Written by Robin Marty for RH Reality Check. This diary is cross-posted; commenters wishing to engage directly with the author should do so at the original post.
When 2010 was lauded as the “year of the woman” for political candidates, pundits on both sides of the aisle cheered the fact that more women were running for office than ever before.
There was only one small problem — many of them were running against each other.
At best, women were looking at maintaining status quo, swapping a female incumbent with a female challenger. But the result was a worst-case scenario: Due to primary losses and a Tea Party wave, the country actually ended up with fewer women in Congress than prior to Election Day.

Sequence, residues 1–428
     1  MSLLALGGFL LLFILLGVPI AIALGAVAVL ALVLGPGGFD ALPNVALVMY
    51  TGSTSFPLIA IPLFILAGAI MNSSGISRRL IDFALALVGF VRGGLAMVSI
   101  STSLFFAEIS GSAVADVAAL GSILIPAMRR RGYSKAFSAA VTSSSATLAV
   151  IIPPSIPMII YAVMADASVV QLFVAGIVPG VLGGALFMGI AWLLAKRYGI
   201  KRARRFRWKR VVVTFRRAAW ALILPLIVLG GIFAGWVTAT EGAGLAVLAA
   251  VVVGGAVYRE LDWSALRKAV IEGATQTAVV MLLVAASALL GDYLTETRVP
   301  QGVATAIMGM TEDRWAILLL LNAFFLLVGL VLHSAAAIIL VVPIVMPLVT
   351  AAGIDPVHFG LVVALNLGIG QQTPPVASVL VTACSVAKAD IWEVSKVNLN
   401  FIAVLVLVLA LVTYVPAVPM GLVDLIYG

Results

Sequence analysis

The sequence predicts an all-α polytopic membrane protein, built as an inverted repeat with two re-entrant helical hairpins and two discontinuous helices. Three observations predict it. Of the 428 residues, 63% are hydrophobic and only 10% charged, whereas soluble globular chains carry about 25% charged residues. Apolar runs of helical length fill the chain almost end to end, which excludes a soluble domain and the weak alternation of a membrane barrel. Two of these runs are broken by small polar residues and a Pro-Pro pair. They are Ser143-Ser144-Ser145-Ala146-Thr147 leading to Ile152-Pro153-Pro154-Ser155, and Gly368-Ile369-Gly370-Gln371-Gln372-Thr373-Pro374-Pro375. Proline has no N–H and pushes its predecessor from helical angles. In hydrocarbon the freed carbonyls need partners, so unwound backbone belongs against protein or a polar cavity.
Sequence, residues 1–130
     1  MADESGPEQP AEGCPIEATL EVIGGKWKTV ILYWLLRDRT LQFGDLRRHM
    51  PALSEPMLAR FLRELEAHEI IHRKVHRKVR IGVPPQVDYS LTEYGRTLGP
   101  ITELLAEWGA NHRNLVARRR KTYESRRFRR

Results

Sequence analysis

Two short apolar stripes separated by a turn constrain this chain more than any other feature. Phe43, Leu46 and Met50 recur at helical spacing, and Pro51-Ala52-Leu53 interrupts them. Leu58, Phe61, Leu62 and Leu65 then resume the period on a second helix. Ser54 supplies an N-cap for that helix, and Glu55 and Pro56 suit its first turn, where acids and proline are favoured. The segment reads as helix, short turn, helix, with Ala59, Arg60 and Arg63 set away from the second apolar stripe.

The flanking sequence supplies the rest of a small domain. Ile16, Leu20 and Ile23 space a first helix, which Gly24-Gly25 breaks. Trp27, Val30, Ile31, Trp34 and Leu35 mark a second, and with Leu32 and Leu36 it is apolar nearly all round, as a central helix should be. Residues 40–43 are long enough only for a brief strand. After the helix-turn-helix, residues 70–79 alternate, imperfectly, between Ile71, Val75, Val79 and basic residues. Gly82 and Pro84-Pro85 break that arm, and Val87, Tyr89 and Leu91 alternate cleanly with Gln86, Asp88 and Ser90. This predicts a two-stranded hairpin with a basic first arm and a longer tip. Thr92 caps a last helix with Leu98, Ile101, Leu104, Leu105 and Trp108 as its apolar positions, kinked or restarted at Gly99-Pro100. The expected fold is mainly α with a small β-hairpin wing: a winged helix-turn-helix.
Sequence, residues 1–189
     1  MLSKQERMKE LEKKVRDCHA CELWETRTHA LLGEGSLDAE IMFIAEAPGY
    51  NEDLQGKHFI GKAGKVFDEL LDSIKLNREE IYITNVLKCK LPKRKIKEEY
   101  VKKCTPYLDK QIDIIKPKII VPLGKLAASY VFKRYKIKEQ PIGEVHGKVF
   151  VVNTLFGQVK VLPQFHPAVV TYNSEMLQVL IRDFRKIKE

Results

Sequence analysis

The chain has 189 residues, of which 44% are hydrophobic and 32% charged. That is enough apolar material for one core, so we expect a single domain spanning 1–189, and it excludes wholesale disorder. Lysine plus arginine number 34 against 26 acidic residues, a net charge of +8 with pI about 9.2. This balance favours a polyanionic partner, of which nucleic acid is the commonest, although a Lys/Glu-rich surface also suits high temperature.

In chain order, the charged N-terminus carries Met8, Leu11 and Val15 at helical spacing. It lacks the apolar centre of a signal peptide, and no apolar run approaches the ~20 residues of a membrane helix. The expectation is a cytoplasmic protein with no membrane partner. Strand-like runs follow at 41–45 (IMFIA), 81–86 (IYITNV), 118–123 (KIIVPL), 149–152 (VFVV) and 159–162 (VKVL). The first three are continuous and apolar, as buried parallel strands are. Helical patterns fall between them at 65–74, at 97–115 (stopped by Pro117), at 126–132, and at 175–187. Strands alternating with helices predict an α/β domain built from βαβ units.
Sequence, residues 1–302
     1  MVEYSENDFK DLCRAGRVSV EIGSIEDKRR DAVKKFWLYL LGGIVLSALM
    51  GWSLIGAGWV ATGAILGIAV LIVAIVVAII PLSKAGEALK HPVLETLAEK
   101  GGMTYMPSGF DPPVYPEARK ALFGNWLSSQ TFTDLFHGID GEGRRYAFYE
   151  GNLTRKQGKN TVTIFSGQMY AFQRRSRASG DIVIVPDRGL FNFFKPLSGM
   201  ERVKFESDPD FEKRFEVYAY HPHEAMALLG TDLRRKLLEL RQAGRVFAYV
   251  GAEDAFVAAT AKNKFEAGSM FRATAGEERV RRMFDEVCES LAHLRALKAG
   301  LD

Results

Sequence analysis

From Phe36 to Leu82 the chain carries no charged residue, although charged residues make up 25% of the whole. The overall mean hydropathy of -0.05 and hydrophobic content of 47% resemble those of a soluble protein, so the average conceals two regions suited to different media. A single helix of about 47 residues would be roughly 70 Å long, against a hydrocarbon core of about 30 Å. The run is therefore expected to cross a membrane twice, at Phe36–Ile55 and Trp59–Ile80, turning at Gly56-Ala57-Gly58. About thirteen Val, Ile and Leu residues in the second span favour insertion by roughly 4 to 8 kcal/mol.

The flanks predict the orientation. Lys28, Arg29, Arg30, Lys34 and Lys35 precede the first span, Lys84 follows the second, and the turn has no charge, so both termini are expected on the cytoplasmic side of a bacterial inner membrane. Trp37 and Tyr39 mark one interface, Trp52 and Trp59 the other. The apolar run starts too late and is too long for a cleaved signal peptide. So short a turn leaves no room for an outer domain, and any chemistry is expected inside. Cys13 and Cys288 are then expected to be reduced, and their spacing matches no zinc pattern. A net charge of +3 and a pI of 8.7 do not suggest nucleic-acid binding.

Since then, women have slowly begun to regain ground. With the help of special election wins in New York, California and Oregon, women had regained their numbers.
Now, we are hearing it again. “The 2012 election will be the year of the woman.” But what is different this time?
Stephanie Schriock, President of EMILY’s List, an organization dedicated to electing pro-choice Democratic women to office, says this year the difference is the candidates: